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Detection of dense intra- and perinuclear 10 nm filament systems by whole mount and embedment-free electron microscopy in several species of the green algal order Dasycladales

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Shoeman,  Robert L.
Coherent diffractive imaging, Max Planck Institute for Medical Research, Max Planck Society;
Department of Biomolecular Mechanisms, Max Planck Institute for Medical Research, Max Planck Society;
Analytical Protein Biochemistry, Max Planck Institute for Medical Research, Max Planck Society;

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Citation

Berger, S., Shoeman, R. L., & Traub, P. (1996). Detection of dense intra- and perinuclear 10 nm filament systems by whole mount and embedment-free electron microscopy in several species of the green algal order Dasycladales. Protoplasma, 190(3-4), 204-220. doi:10.1007/BF01281319.


Cite as: http://hdl.handle.net/11858/00-001M-0000-0019-A71A-B
Abstract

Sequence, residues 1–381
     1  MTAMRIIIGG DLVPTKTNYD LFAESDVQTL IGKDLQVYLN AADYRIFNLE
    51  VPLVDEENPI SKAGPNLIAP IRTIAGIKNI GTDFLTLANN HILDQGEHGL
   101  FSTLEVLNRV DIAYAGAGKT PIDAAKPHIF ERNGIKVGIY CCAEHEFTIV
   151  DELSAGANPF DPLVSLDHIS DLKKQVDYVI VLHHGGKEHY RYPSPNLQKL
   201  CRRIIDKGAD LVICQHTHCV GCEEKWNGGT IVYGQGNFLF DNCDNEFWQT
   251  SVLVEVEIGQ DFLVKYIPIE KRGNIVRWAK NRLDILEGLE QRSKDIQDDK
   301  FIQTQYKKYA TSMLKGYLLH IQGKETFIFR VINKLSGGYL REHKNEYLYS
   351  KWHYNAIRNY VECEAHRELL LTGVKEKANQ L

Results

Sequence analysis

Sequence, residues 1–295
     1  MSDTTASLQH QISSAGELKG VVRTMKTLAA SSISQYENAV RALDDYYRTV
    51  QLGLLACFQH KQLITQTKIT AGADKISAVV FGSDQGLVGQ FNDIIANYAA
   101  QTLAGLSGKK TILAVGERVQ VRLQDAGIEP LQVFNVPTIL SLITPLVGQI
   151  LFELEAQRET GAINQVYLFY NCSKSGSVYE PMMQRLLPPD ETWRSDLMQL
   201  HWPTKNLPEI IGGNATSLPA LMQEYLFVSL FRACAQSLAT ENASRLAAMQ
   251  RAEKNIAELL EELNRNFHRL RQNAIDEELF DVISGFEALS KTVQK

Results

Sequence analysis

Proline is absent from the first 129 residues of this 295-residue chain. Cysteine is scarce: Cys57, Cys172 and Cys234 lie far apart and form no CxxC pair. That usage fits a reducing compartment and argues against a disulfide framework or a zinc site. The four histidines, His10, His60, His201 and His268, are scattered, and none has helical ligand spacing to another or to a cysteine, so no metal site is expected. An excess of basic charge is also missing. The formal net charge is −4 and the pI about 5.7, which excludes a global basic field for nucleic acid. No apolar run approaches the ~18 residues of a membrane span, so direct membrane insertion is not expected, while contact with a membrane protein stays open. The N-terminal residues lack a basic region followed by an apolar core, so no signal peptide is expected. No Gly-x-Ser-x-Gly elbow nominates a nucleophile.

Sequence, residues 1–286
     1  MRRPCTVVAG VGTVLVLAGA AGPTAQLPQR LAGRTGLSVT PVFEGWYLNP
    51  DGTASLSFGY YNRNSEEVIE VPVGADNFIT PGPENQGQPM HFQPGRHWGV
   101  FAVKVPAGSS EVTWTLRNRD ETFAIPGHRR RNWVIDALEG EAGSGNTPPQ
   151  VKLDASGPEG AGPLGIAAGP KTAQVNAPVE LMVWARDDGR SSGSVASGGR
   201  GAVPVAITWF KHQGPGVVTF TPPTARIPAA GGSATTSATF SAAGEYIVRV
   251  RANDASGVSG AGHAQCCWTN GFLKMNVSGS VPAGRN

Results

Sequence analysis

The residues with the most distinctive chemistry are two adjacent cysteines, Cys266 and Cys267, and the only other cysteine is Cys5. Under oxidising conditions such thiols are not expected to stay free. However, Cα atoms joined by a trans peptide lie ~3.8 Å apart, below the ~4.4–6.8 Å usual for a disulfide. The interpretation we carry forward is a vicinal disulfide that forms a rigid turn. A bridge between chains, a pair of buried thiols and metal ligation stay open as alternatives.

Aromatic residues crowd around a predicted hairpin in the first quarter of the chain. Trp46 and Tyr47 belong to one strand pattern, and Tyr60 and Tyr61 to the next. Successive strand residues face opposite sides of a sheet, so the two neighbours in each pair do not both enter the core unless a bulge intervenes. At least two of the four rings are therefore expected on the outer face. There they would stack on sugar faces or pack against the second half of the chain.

In contrast to the immense body of evidence supporting the occurrence of intermediate filament (IF) proteins in the animal kingdom, there is only limited information on their distribution in plants. Nevertheless, a number of immunocytochemical and electron microscopical observations indicate that particularly in higher plant cells IFs contribute to the construction of the cyto- and karyoskeleton. Here we show by whole mount electron microscopy of the giant nuclei extruded together with adhering cytoplasm from the rhizoids of some species of the algal order Dasycladales that cytoplasmic 10 nm filament networks also occur in unicellular, mononucleated green organisms of early evolutionary origin. The filament systems were associated with the residual nuclear envelope which consisted of a dense arrangement of pore complexes suspended by a meshwork of short 5 to 6 nm filaments; structurally it was very similar to the nuclear envelopes obtained from mammalian cells. When the Dasycladales nuclei were processed side by side with mouse skin fibroblasts, the algal filament systems were physically almost indistinguishable from the mammalian vimentin filament network. Embedment-free thin sections of rhizoids have not only confirmed the existence of the perinculear 10 nm filaments and their seamless association with the nuclear envelope, but have demonstrated the existence of an extensive intranuclear meshwork of 10 nm filaments. The latter were morphologically indistinguishable from the perinuclear 10 nm filaments and seem to be connected to these via the nuclear envelope to form a continuum. Among a variety of antibodies directed against mammalian IF proteins, only polyclonal anti-mouse lamin B antibodies decorated the cytoplasmic filaments of the Dasycladales cells. Surprisingly, none of the antibodies decorated the thinner filaments of the nuclear envelope, which possibly represent the nuclear lamina. In accord with this observation, one anti-lamin B antibody recognized in Western blot analysis of a urea extract ofAcetabularia acetabulum rhizoids three polypeptides with Mrs of approximately 47,000, 64,000, and 76,000. The proteins did not react with the α-IFA antibody. Since the Dasycladales have a fossil record of nearly 600 million years — an extant genus, Acicularia, also investigated here, evolved about 170 million years ago -, the molecular characterization of the subunit proteins of their cytoplasmic filament systems might throw further light on the evolution and biological role of IFs.